Author: Jagdish Kumar, India
With ICO a new word for raising funds for new startups, but here is a caution of all who are looking to invest in ICOs, as 40% fails within four months after their launch, says a study.
The study conducted by Hugo Benedetti & Leonard Kostovetsky researcher from Boston College, Massachusetts found, “Over 4,003 Initial Coin Offering (ICOs) projects has concluded that ‘more than half of the projects fail’ within four months of their token sales despite raising a combined total of around $12 billion till date.”
The study titled ‘Digital Tulips? Returns to Investors in Initial Coin Offerings’ found that nearly of the 4003 ICOs that has started, only 44.2% were still operational, while the balance have either failed or are out of the exchanges.
Intensity of tweets from the cryptocurrency official Twitter account after the ICO were used to estimate that the survival rate for startups after 120 days (from the end of the ICOs) is only 44.2%, assuming that all firms inactive on Twitter in the fifth month did not survive, the paper found.
The study also revealed that 83% of the 694 ICOs that don’t report capital and don’t list on an exchange are inactive after 120 days.
For the 420 ICOs that raise some capital but don’t list, this figure falls to 52%, and for the 440 ICOs that list on an exchange, only 16% are inactive in the fifth month.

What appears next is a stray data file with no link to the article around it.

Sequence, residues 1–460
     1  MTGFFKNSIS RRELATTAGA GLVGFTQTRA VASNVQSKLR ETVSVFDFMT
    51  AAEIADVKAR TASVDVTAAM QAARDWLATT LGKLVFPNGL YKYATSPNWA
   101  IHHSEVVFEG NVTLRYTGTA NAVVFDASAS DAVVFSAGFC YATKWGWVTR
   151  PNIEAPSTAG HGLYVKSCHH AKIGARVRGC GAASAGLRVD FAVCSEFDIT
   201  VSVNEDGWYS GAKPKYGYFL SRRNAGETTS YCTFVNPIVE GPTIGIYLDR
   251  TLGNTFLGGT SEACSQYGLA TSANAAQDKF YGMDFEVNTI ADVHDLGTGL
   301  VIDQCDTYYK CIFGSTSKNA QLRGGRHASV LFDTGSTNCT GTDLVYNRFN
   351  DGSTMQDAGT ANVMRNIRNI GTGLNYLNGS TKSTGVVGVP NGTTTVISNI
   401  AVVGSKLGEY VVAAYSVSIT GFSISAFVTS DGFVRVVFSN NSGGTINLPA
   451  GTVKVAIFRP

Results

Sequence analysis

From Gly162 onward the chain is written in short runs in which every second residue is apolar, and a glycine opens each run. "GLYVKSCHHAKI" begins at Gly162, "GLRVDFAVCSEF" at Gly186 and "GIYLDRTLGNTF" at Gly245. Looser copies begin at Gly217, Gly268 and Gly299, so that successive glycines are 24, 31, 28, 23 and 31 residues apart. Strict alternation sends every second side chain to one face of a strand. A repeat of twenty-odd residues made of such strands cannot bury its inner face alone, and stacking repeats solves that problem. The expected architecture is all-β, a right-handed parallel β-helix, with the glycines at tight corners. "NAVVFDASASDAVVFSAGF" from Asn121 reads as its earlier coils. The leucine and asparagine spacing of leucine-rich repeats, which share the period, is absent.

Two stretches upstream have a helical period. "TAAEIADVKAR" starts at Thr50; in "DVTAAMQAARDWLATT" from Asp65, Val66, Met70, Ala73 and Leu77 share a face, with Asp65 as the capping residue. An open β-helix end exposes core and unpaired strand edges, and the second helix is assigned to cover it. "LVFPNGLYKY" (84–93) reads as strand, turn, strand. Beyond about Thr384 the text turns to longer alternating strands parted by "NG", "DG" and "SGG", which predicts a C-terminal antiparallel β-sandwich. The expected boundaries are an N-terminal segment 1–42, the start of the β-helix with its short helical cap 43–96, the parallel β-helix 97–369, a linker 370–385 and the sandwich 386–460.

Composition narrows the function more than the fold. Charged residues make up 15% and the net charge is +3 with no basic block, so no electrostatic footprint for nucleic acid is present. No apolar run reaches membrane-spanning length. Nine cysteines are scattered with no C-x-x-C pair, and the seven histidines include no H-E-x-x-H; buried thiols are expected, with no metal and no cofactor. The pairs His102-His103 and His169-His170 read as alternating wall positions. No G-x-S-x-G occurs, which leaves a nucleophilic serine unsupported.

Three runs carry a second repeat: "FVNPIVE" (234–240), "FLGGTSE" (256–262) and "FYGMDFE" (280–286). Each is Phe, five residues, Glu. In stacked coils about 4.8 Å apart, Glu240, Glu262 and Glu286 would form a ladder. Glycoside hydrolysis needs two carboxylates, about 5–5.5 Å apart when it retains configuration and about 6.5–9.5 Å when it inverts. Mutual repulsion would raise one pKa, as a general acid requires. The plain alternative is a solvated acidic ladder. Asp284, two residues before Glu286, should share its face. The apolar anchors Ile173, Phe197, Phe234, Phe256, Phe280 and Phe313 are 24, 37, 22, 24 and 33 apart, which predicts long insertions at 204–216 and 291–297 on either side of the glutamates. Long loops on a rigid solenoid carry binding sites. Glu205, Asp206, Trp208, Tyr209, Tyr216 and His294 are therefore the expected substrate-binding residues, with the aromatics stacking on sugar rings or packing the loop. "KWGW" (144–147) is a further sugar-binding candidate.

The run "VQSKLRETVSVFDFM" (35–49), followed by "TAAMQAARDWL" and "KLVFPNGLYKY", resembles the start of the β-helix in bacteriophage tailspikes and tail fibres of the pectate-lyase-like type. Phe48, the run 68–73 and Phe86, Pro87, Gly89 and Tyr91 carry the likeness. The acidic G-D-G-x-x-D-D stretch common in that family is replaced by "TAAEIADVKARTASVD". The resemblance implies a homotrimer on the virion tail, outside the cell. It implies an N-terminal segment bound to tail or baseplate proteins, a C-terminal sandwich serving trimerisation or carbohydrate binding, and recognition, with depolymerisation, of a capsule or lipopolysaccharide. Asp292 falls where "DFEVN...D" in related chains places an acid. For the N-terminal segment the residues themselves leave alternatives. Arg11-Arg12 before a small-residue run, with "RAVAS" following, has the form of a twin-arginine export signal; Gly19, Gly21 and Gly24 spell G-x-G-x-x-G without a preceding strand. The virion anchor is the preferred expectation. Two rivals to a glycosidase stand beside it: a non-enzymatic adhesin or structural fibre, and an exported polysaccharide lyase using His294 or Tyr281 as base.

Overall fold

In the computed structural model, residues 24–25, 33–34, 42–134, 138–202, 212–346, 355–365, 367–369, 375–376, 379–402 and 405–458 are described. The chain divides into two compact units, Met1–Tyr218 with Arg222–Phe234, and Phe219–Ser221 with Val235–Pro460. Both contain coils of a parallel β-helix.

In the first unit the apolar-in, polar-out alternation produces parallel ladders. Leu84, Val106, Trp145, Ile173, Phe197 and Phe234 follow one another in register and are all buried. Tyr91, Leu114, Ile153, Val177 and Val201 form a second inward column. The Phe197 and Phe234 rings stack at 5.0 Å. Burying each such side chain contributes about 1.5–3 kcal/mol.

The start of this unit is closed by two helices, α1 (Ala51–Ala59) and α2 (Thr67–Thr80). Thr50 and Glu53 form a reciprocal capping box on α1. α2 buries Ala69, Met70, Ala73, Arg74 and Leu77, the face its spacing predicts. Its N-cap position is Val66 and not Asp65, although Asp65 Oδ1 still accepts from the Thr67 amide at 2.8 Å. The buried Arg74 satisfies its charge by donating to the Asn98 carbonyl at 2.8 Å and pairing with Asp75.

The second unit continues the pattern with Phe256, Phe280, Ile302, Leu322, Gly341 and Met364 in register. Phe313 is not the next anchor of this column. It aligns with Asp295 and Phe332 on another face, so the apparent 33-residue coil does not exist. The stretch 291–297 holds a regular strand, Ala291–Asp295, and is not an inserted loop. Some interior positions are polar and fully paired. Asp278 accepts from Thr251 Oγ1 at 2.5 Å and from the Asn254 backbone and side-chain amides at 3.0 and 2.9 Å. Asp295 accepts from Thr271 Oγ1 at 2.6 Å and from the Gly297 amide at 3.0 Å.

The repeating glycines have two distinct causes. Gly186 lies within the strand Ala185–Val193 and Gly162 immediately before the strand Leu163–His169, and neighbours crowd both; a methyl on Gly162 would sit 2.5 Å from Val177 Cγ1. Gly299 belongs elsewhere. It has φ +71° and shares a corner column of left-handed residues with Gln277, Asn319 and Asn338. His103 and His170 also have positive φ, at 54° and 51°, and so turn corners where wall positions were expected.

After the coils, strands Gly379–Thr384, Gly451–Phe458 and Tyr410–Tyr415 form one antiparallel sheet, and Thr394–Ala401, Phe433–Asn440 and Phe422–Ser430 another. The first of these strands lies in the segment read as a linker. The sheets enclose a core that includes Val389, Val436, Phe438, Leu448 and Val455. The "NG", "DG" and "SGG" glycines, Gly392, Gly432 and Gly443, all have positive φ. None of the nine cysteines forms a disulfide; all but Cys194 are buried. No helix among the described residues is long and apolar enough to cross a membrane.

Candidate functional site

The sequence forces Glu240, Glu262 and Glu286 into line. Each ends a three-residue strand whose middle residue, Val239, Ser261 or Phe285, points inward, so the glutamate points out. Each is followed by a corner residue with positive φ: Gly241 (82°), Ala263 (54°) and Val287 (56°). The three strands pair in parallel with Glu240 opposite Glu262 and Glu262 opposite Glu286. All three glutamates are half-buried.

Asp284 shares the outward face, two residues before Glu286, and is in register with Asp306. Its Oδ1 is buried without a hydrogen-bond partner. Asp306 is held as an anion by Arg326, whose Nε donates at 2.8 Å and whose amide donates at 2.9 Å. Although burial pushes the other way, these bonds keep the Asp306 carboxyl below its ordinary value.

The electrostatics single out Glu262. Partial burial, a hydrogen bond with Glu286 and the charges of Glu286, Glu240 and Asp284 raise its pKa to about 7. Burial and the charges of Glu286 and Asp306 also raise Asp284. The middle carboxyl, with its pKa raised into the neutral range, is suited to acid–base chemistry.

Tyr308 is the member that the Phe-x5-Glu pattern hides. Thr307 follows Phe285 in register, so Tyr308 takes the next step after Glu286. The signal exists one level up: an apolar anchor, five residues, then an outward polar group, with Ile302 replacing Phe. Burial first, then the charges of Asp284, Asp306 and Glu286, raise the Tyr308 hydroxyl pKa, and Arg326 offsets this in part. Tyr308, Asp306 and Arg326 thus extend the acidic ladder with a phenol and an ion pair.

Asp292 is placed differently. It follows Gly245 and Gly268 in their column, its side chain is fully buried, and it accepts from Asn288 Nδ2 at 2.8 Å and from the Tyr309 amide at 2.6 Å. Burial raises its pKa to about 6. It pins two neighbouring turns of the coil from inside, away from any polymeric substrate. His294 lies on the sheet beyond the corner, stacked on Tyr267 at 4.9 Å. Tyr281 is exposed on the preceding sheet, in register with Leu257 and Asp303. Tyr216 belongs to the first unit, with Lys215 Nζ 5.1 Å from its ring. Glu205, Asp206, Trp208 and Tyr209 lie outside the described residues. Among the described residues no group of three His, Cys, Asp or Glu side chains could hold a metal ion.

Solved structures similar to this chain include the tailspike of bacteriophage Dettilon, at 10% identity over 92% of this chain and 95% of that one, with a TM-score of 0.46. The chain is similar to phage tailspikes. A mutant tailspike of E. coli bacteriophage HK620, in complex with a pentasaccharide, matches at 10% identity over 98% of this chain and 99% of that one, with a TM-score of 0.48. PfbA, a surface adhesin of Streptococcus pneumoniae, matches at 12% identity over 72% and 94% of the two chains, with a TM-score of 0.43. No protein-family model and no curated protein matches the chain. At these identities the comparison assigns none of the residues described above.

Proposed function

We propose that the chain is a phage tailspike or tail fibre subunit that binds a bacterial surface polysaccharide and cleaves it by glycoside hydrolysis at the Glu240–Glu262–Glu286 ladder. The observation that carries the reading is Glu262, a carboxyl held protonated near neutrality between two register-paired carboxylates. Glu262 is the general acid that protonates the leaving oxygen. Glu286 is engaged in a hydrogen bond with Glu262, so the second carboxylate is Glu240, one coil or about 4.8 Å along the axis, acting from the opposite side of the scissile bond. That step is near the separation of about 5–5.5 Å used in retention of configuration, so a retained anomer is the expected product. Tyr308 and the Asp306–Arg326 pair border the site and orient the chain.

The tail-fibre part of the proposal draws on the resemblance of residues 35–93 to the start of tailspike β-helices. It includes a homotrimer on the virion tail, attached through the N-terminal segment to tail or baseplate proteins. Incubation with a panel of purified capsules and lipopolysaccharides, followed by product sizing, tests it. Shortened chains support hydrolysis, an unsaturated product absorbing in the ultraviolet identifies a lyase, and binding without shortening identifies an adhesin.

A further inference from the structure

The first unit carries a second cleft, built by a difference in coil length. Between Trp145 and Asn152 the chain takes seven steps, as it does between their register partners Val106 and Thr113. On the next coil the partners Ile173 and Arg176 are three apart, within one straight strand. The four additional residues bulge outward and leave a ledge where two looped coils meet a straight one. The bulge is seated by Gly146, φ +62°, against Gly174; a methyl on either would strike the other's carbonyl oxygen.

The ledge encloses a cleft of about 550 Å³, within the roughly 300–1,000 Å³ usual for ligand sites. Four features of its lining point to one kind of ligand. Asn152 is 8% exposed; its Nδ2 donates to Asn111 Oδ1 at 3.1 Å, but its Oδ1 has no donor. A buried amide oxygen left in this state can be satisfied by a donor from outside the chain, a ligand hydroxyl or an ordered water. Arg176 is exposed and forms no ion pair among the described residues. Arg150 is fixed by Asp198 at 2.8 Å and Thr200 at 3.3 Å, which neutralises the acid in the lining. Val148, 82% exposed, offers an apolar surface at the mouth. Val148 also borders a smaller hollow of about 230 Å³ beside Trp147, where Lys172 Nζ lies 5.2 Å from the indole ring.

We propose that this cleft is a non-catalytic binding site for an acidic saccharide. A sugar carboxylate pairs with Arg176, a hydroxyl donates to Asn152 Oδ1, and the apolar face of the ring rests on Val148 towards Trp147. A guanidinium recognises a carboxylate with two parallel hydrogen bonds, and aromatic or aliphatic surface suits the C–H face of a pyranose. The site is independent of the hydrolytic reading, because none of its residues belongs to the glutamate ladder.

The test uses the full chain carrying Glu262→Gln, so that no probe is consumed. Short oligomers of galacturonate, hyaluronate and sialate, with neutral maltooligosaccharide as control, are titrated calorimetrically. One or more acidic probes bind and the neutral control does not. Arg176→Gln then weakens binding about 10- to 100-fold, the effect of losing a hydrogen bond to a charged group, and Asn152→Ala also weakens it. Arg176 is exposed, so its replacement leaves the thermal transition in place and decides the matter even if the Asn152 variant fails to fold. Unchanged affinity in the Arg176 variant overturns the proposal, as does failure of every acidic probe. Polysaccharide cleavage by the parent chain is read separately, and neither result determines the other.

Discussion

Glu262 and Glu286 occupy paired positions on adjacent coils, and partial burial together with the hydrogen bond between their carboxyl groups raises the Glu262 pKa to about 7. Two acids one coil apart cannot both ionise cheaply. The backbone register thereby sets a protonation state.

“We find evidence of significant ICO under pricing, with average returns of 179% from the ICO price to the first day’s opening market price, over a holding period that averages just 16 days. Even after imputing returns of -100% to ICOs that don’t list their tokens within 60 days and adjusting for the returns of the asset class, the representative ICO investor earns 82%.
In 2015, there were 9 such offerings, 74 in 2016, and more than 1000 ICOs in 2017.
Furthermore, the average capital raised by successful ICOs has gone up over time from $7.9 million (before July 2017) to $11 million (in the second half of 2017) to $14 million (in 2018), the study found.
Highlighting the concerns in the crypto and Blockchain industry, the study said that because cryptocurrency accounts are anonymous, transactions are irrevocable, and ICOs are unregulated, there is a high incidence of scams and theft.
“Recently, a Vietnamese pyramid scheme used an ICO to raise $650 million and then disappeared with the money. The co-founders of Centra, which had raised $32 million in an ICO, were arrested in April 2018 in Florida for fabricating information about deals that their company was making and listing fictitious people on their website”, the study underlined.
The study concluded adding, the ICOs have the potential to change how startup companies raise money, providing more control to entrepreneurs, greater liquidity to investors, and additional investment opportunities to early adopters.
However, tokens are sold in ICOs at a significant discount to their market price (and at a much greater discount than IPOs), generating at least an 82% average abnormal return for the representative (i.e. weighted by capital invested) ICO investor.
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